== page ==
Spring football is over. So's the NFL draft. OBNUG usually settles into a weeks long dormant phase around this time of year...just waiting to erupt with the arrival of the countdown (May 26th, in case you were wondering). But yesterday, a Boise State story captivated the nation...nay, the world. It was a simple tweet from the Boise State football twitter account that set the virus spreading:
For the millionth time, it's not a lake, dude pic.twitter.com/vcA19kNsec— Boise State Football (@BroncoSportsFB) May 2, 2016
That's a picture of a Canada (not Canadian) goose at the 25 yard line of Lyle Smith Field. The picture was re-tweeted 14,000 times and favorited over 20,000 times. Why you ask? Not because people love geese, I'm guessing. In fact, geese are notorious jerks. They...er...relieve themselves all over park grounds and sidewalks and hiss at you when you try to pass by too closely. Heck, we used to call the intramural field on campus "Goose Crap Field" in honor of their prolific scattering of landmines on the green expanse. I had a friend scratch his cornea when a cleat kicked up a goose gift into his eye when he was playing a game of ultimate frisbee. Yeah, if geese were humans, they'd have a spray tan and drive a Hummer, so why did this clever tweet get at least 35,000 "impressions" as we call it in the web world (and countless more when outlets ran with the "story")? Because Boise State's blue turf is awesome and it has it's own mythology.
The "myth" of course, is that ducks and geese die by the droves by "crash landing" on the famous blue turf—mistaking it for a lake. Well, I've never seen a lake with white lines every ten yards, nor have I seen a duck or goose "dive-bomb" their watery landing pad—that's more of a pelican thing...but the myth persists, and damned if we're going to kill it (the myth, not the goose) because it adds to the Rocky Long mystique of our stadium. In a 2007 LA Times article about Boise State's famous rug, Chris Petersen tried to tamp down the rumors of The Blue being a waterfowl graveyard in the least persuasive way ever:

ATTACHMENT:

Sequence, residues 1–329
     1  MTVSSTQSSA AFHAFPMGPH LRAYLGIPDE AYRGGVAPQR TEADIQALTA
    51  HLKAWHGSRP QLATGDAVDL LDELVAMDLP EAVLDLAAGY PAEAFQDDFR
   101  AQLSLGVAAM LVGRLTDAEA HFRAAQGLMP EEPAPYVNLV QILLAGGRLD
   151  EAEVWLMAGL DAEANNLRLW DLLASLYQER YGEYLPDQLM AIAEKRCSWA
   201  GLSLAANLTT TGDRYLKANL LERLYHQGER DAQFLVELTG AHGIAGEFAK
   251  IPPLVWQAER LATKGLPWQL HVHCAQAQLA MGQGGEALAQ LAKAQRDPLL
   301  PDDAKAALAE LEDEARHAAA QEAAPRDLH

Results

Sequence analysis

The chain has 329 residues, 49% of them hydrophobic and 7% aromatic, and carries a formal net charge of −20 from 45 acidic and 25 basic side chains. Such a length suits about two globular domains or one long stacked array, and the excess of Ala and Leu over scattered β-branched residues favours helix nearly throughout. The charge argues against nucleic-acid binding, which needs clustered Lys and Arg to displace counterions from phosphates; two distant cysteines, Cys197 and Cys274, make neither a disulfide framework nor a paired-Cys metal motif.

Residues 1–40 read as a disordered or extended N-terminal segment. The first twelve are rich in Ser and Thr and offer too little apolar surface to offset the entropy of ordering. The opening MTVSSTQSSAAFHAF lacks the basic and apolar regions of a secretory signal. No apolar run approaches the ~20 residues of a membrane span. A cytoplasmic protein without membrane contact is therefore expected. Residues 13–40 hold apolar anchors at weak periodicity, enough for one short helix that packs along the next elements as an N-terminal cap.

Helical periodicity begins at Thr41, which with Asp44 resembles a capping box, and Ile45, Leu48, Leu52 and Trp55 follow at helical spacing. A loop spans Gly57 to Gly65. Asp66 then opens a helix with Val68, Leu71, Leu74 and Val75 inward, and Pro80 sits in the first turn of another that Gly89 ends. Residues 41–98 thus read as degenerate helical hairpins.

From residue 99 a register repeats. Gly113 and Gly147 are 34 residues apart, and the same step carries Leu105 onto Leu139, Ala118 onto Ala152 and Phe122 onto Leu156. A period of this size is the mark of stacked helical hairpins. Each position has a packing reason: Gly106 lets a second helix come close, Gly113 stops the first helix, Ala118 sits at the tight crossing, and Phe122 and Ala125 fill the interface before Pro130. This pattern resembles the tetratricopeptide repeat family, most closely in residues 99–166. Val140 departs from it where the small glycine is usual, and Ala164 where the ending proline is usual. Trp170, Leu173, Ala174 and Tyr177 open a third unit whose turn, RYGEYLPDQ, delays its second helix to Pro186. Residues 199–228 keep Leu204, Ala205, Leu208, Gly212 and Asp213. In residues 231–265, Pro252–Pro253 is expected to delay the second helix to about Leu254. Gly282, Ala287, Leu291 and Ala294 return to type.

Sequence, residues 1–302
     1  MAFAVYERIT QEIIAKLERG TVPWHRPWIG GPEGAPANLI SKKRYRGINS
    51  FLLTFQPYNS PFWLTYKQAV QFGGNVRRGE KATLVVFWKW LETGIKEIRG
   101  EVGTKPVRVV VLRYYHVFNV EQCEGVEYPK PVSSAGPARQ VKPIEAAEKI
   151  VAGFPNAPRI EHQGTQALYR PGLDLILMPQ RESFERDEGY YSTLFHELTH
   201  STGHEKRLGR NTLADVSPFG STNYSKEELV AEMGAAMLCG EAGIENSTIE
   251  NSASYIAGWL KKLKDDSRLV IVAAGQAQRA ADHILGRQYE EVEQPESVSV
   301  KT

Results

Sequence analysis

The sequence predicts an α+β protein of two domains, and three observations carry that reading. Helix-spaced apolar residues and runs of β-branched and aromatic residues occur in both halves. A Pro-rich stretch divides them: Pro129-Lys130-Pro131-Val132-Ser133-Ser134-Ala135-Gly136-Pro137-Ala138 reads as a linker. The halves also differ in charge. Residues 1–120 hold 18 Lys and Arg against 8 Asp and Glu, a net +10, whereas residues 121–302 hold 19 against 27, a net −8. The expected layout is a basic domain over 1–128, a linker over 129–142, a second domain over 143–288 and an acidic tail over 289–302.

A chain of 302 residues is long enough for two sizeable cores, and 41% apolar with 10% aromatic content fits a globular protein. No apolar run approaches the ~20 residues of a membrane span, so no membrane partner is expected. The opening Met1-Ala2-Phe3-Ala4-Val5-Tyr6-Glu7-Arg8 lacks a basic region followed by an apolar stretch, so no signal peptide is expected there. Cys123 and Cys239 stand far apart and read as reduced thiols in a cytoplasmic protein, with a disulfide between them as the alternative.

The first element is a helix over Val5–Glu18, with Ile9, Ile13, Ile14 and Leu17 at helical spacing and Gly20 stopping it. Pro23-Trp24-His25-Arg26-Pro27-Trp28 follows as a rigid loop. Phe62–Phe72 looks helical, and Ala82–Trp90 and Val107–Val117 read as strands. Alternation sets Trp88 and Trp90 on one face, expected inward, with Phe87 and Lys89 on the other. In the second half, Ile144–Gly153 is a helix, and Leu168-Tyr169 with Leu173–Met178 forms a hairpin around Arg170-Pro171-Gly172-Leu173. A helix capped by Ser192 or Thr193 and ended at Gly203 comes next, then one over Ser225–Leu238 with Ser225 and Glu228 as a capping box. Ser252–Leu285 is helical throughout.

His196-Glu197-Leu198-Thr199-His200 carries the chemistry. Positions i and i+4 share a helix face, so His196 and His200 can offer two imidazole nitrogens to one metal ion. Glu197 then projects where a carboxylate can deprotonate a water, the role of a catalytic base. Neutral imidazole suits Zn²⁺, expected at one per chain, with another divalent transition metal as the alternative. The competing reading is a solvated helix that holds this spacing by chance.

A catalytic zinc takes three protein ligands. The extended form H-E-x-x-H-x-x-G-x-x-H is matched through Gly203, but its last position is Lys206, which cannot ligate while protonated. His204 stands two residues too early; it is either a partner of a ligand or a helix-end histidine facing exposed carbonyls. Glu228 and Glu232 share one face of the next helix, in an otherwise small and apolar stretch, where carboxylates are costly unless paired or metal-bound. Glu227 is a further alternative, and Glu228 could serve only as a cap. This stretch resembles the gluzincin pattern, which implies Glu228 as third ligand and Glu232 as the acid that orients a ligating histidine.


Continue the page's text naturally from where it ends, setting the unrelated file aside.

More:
Petersen said, "We do our best to perpetuate that myth, so to speak."But the other day, before we leave, I walk out onto our turf and there is a dead duck laying there in the middle of our field. And I'm looking around like 'Are you kidding me?' Maybe they are still dive-bombing here. So I'm not sure, but we did have one dead on the turf the other day."
Totally a myth, BUT there was a dead duck laying on the turf this morning so YOU TELL ME.
Ducks and geese do land on the turf...this can be independently verified by anyone that's ever been down by the greenbelt. Ducks and geese land on everything, blurring the line between Cottonwood fluff drifting on the breeze or goose down. Whether our feathered friends land on the turf because they believe it to be a corporate-sponsored lake remains to be seen. The real myth is that the wayward fowl break their fragile little necks on our storied turf. Note: I am not a biologist, but based on what I know about ducks and geese, that's probably not their preferred method of bird suicide. But maybe, just maybe the blue turf is quietly thinning the flocks. Maybe PETA will deploy some agents to Albertsons Stadium this fall. Maybe this lone goose is just a scout for the eventual feathered takeover of the campus. Maybe this tweet inadvertently showed the massive brand value of Gene Bleymeier's silly little idea 30 years ago. I think I'll go with that one.